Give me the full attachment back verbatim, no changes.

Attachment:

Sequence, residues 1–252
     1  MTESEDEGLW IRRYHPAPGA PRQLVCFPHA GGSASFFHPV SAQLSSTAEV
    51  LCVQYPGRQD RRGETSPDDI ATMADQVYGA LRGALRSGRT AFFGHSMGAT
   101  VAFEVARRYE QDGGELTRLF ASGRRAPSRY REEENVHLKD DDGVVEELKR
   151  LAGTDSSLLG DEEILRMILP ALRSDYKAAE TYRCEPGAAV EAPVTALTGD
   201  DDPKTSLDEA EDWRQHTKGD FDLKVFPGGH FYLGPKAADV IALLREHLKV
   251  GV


Sequence, residues 1–252
     1  MTESEDEGLW IRRYHPAPGA PRQLVCFPHA GGSASFFHPV SAQLSSTAEV
    51  LCVQYPGRQD RRGETSPDDI ATMADQVYGA LRGALRSGRT AFFGHSMGAT
   101  VAFEVARRYE QDGGELTRLF ASGRRAPSRY REEENVHLKD DDGVVEELKR
   151  LAGTDSSLLG DEEILRMILP ALRSDYKAAE TYRCEPGAAV EAPVTALTGD
   201  DDPKTSLDEA EDWRQHTKGD FDLKVFPGGH FYLGPKAADV IALLREHLKV
   251  GV